1016 — Returning Veterans with Schizophrenia to Paid, Competitive Employment
Cohen AN (Greater Los Angeles VA + UCLA), Young AS
(Greater Los Angeles VA + UCLA), Hamilton AB
(Greater Los Angeles VA + UCLA), Teague A
(VISN 6 MH Care Line; Durham VA), Mullins D
(Michael E. DeBakey VA Medical Center), Chemerinski E
(James J. Peters VA Medical Center), Schubert M
(Central Texas VA Medical Center), Steele A
(Michael E. DeBakey VA Medical Center), McNagny K
(Long Beach VA Medical Center), Reist C
(Long Beach VA Medical Center)
Chronic unemployment affects 90% of individuals with schizophrenia. Employment can improve symptoms, provide opportunities to improve social skills, increase self-efficacy, and reduce the economic costs of the illness. An evidence-based treatment, Supported Employment (SE), exists, but is underutilized by this population. The VA HSR&D QUERI project, Enhancing QUality of care In Psychosis (EQUIP), aimed to increase utilization of SE and employment rates using evidence-based quality improvement methods.
This was a clinic-level controlled trial involving 8 mental health clinics across 4 VISNs. One clinic in each VISN was assigned to intervention; one to care as usual. Prior to implementation, 39 key stakeholders were interviewed to assess readiness for change. 808 veterans with schizophrenia enrolled. At baseline and one year follow-up, veterans reported interest in returning to paid, competitive employment and work status. Kiosks were installed in waiting rooms for veterans to self-report work interest and status at each clinic visit. These self-report data were provided to the clinician and veteran via a kiosk printout.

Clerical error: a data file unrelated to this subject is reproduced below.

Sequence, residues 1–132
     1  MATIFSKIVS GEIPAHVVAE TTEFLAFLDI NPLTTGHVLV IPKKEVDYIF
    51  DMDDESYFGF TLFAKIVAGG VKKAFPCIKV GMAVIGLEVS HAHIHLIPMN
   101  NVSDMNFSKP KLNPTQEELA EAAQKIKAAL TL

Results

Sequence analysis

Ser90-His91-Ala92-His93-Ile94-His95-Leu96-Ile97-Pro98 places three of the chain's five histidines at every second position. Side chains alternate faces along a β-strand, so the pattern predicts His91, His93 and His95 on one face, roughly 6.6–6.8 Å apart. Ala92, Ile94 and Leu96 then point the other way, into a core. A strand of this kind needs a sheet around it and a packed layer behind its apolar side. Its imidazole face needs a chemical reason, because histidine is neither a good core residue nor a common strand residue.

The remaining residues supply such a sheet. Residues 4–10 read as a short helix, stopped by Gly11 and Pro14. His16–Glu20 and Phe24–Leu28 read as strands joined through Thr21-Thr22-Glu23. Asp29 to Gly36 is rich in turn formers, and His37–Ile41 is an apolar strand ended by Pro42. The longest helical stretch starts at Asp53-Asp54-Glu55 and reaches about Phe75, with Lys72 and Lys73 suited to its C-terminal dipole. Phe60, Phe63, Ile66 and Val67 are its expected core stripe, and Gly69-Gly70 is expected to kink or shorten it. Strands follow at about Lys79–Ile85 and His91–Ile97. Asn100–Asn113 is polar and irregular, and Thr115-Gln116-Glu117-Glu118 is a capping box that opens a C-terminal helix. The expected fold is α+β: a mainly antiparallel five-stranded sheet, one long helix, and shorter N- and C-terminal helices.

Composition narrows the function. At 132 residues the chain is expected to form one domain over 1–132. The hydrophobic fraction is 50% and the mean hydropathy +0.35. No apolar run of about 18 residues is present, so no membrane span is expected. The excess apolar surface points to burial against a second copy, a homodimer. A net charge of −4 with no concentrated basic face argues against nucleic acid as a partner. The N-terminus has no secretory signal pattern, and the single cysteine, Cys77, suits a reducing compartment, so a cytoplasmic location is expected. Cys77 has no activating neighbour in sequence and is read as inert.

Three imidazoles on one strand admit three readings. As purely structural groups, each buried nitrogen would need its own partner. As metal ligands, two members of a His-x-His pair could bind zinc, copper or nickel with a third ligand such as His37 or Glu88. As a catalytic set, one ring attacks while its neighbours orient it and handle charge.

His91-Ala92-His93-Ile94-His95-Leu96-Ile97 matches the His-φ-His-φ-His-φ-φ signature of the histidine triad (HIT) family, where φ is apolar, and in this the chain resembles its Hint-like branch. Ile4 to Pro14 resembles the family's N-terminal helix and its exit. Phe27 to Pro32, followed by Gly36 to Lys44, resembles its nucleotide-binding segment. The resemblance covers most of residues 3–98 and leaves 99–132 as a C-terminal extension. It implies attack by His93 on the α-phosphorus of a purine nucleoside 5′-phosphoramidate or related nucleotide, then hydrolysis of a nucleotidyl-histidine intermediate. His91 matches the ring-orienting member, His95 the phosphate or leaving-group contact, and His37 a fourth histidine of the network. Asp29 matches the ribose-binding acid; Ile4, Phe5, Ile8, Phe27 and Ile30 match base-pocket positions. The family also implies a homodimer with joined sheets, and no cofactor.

Stakeholder interviews were evaluated using Atlas.ti and indicated shortcomings with knowledge and attitudes toward SE. At baseline, 15% (121/808) of enrolled veterans were working, and 60% (413/686) responded they wanted to work. Over the one year at the intervention sites, SE utilization almost doubled from 5.7% (22/383) to 10.7% (41/383); veterans with paid employment also increased from 11.8% (46/389) to 14.9% (45/303). Over the same period at control sites, those using SE services remained virtually the same: 5.9% (24/406) to 6.9% (28/406); there was a slight decrease in employment rates from 17.7% (74/418) to 16.2% (57/352). At one intervention site, managers used kiosk data on veterans’ desire to return to work to gain one more SE FTE. At another intervention site, managers used kiosk data to justify reorganizing care so that psych interns could provide SE services.
Consistent with the literature, only 15% of veterans with schizophrenia in this large sample were working. Unknown until this study, 60% want to work. This large gap in evidence-based, recovery-oriented care was addressed and increased service utilization, capacity of the service, and number of veterans working.
As with other implementation efforts, successful uptake may require an assessment of the clinic readiness for change and utilization of QI techniques to address shortcomings in knowledge, attitudes, and capacity.